Date on Master's Thesis/Doctoral Dissertation


Document Type

Doctoral Dissertation

Degree Name

Ph. D.


Microbiology and Immunology

Degree Program

Microbiology and Immunology, PhD

Committee Chair

Demuth, Donald

Committee Co-Chair (if applicable)

Uriarte, Silvia

Committee Member

Lawrenz, Matthew

Committee Member

Alard, Pascale

Committee Member

Graham, James E.

Author's Keywords

catecholamines; neutrophils; aggregatibacter actinomycetemcomitans; epinephrine; iron; Siglec-9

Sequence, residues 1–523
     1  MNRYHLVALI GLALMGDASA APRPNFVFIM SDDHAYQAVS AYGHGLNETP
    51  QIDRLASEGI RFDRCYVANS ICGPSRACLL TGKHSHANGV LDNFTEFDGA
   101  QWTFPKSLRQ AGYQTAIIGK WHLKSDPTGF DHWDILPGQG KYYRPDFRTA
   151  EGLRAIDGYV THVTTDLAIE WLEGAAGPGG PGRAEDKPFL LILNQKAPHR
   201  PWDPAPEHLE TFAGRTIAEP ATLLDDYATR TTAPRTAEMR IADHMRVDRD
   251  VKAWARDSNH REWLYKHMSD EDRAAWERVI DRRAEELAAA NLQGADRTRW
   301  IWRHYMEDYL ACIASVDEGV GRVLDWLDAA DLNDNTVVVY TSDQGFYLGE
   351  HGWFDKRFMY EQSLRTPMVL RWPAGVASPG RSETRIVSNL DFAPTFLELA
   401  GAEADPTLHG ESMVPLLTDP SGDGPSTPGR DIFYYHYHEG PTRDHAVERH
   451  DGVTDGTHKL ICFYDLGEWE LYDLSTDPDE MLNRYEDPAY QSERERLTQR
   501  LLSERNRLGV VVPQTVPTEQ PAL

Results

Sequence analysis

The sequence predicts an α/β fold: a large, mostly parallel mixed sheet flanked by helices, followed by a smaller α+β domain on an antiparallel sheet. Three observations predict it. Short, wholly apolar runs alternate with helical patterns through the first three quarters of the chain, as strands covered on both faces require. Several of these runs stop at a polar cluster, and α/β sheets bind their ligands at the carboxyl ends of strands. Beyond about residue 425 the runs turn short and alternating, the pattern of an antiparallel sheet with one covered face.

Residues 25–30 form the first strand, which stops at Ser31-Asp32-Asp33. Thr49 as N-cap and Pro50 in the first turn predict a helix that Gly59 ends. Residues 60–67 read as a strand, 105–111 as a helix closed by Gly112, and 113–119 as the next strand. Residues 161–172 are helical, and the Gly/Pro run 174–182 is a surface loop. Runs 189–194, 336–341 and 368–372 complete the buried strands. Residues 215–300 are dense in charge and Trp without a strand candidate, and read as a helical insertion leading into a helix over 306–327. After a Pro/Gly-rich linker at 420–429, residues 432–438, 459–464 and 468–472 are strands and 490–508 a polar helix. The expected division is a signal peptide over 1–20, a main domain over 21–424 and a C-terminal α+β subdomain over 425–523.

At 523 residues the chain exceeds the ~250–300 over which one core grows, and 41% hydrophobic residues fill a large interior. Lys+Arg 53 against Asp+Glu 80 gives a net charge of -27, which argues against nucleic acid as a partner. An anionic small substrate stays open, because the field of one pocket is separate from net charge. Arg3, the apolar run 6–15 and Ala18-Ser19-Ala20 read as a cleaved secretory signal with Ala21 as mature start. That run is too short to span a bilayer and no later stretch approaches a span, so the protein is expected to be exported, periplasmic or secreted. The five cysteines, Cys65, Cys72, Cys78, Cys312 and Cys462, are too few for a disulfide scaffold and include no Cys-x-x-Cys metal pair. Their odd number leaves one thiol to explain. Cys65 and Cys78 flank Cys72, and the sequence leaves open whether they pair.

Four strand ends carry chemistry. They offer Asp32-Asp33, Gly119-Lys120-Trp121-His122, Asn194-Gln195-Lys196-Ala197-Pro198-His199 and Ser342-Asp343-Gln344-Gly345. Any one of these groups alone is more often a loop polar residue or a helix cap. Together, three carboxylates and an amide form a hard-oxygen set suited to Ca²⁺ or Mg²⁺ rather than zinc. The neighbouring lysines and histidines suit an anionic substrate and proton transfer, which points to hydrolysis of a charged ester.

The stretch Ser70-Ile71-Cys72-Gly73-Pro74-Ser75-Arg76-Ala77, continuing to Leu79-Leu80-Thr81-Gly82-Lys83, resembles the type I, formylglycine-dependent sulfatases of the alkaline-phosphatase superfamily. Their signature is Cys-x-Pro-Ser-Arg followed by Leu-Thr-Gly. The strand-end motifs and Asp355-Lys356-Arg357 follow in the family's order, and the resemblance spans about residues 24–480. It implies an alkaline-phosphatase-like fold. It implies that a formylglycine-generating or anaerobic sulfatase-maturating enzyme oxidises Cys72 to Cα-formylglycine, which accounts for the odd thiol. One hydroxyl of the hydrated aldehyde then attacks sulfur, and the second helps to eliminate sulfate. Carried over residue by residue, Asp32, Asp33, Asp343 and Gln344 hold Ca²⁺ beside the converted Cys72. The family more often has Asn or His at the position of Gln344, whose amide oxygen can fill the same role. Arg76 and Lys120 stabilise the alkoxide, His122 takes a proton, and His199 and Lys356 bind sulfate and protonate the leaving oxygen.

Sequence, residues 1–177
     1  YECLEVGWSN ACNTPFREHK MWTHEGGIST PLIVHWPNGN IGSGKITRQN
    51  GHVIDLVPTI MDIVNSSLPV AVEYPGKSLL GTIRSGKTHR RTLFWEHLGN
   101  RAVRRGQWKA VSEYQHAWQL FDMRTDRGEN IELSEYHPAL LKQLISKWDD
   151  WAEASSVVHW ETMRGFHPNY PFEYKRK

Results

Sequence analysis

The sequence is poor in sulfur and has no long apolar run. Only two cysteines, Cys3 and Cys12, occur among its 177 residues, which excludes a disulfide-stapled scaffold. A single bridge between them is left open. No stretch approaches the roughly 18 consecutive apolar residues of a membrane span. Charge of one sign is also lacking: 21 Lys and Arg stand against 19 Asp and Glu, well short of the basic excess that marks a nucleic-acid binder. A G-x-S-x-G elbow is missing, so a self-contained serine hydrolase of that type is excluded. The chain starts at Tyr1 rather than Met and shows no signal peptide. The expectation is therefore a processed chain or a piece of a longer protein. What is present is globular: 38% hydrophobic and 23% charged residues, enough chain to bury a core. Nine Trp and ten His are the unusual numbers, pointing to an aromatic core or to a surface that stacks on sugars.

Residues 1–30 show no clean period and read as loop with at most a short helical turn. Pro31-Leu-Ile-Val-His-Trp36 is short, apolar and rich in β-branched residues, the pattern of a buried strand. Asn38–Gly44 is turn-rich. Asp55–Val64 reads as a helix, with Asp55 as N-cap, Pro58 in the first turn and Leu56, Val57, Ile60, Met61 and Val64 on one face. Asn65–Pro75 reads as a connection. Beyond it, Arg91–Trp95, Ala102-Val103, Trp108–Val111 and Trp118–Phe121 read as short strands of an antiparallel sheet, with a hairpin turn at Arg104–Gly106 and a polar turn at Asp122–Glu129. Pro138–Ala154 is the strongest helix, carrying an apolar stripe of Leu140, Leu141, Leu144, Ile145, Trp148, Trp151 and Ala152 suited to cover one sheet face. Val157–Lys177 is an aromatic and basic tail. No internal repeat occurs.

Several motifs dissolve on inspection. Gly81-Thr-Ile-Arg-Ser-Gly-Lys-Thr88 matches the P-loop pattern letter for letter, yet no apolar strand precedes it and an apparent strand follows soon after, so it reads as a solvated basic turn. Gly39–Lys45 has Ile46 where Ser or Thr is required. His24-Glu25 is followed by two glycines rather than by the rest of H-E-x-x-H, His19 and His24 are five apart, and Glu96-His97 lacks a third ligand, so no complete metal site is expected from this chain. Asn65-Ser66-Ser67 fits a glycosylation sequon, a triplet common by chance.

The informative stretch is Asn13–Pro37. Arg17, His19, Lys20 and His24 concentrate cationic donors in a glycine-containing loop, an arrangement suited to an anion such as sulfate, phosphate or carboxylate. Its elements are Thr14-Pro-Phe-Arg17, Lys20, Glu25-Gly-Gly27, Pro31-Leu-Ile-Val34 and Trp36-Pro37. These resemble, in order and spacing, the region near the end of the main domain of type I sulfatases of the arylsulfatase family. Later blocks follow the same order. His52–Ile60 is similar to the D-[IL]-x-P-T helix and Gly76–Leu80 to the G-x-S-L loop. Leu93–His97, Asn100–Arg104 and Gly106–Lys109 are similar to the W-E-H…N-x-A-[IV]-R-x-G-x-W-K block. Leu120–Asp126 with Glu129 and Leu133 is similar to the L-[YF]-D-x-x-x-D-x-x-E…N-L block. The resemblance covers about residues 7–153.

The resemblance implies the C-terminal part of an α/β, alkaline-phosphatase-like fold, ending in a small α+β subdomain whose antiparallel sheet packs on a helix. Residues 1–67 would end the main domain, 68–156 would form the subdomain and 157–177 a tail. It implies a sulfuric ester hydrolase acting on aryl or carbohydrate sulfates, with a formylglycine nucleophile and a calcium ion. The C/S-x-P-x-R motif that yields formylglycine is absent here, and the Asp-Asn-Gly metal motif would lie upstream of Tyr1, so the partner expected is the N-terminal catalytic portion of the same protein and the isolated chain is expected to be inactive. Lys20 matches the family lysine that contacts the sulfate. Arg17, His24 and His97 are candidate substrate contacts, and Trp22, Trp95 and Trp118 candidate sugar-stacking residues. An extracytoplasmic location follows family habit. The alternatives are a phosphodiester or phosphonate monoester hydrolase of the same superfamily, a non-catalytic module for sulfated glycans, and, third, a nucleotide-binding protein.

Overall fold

Aggregatibacter actinomycetemcomitans (Aa) is a Gram-negative facultative anaerobe and an opportunistic oral pathogen, strongly associated with localized periodontitis and other inflammatory diseases. Periodontitis is a chronic inflammation of the periodontium resulting from the inflammatory response of the host towards the dysbiotic microbial community present at the gingival crevice. The host immune response creates a hostile environment for microorganisms; therefore, it is important for Aa to be able to regulate the necessary genes to survive and thrive in such an environment. Aaexpresses several virulence factors such as a cytolethal distending toxin (Cdt), lipopolysaccharide (LPS) and leukotoxin A (LtxA), that allows it to evade the immune response. For example, LtxA, considered a major virulence factor, targets leukocytes by creating pores on their membranes leading to cell lysis. LtxA has also been shown to provide Aa resistance against internalization and killing by neutrophils, however the effect of the toxin on neutrophils at a non-lethal level is often overlooked. At the subgingival pocket Aa is in a tug-of-war scenario where immune cells will secrete molecules such as catecholamines (i.e., epinephrine) to sequester residual metals, so these are not available as nutrients. To compete for such mineral bacteria have evolved different mechanisms, such as two-component systems (TCS) that allow them to assess their environment and adjust accordingly. Aa expresses the QseBC TCS composed of the sensor protein QseC and the response regulator QseB. Previously, catecholamines and iron were identified as the signals that activate the QseBC TCS in Aa, necessary for the organism to acquire iron as a nutrient to survive in the anaerobic environment. However, the source of catecholamines had not been identified at the time. The main objectives presented in this dissertation are a) the characterization of epinephrine interaction with different components of QseBC TCS, b) to characterize the synthesis, storage, and release of catecholamines by neutrophils stimulated with Aa, and c) determination of the effect sublytic levels of LtxA has on neutrophils. Previously, our group showed that QseC, primarily the periplasmic domain of QseC, is required for biofilm formation and virulence. A third gene was found to be co-expressed in the qseBC operon, YgiW, a protein of unknown function, but essential for biofilm growth and virulence. Additionally, it was previously shown that in the presence of Cat-Fe the expression of the enterobactin operon remained unchanged. Among the genes in this operon there is the fepA gene encoding for the enterobactin receptor FepA. In this work we investigated the interaction of different components of the QseBC TCS and epinephrine. Using Aa mutants for the different QseBC component we determined that FepA, QseC and the QseC periplasmic domain are necessary for Aa to interact with epinephrine (Chapter 3). In contrast, YgiW was not required for epinephrine to interact with Aa. Due to the high infiltration of neutrophils that is characteristic of periodontitis we proposed neutrophils as the epinephrine source for Aa. We present evidence of the ability of human neutrophils to release epinephrine upon Aa challenge (Chapter 4). In addition, we demonstrated that epinephrine is stored in azurophilic granules and proposed that Aa gains access to it by inducing degranulation. To connect our findings, we demonstrated that chemically define media (CDM) supplemented with iron and epinephrine from human neutrophils promoted Aa growth and the induction of the qseBC operon. LtxA, a major virulence factor expressed by Aa, targets neutrophils and induces cell lysis. However, lysis only occurs when cells are exposed to high levels of the toxin, the sublytic effects of the toxin on neutrophils remains understudied. We show that the minimally leukotoxic Aa strain 652 caused minimal cytotoxicity in human neutrophils, even at MOI 50 (Chapter 5). Assessment of membrane permeability confirmed that human neutrophils suffered loss of membrane integrity. However, neutrophils were functionally active and were able to internalize Aa at MOI 10. In contrast, Aa internalization did not occur at MOI 50 for both the minimally leukotoxic strain or a LtxA mutant (JP2 DltxA). Aachallenge induced the formation of cytotoxic vacuoles, which have previously been associated with pore-forming toxins, but we observed cytoplasmic vacuolation regardless of LtxA expression of Aa strains. Siglec-9, a sialic acid-binding immunoglobulin-type lectin, has been associated with cytoplasmic vacuolation. Therefore, we measured Siglec-9 as an alternative inducer of cytoplasmic vacuolation. We were able to show that Aa 652 enhances Siglec-9 expression in human neutrophils and that IL-8 priming before Aa challenge further increases expression. The findings presented in this dissertation contribute to the current knowledge of nutrient acquisition mechanisms and provides the foundation for future studies of how Aa can modulates the inflammatory response of neutrophils through Siglec-9 activation.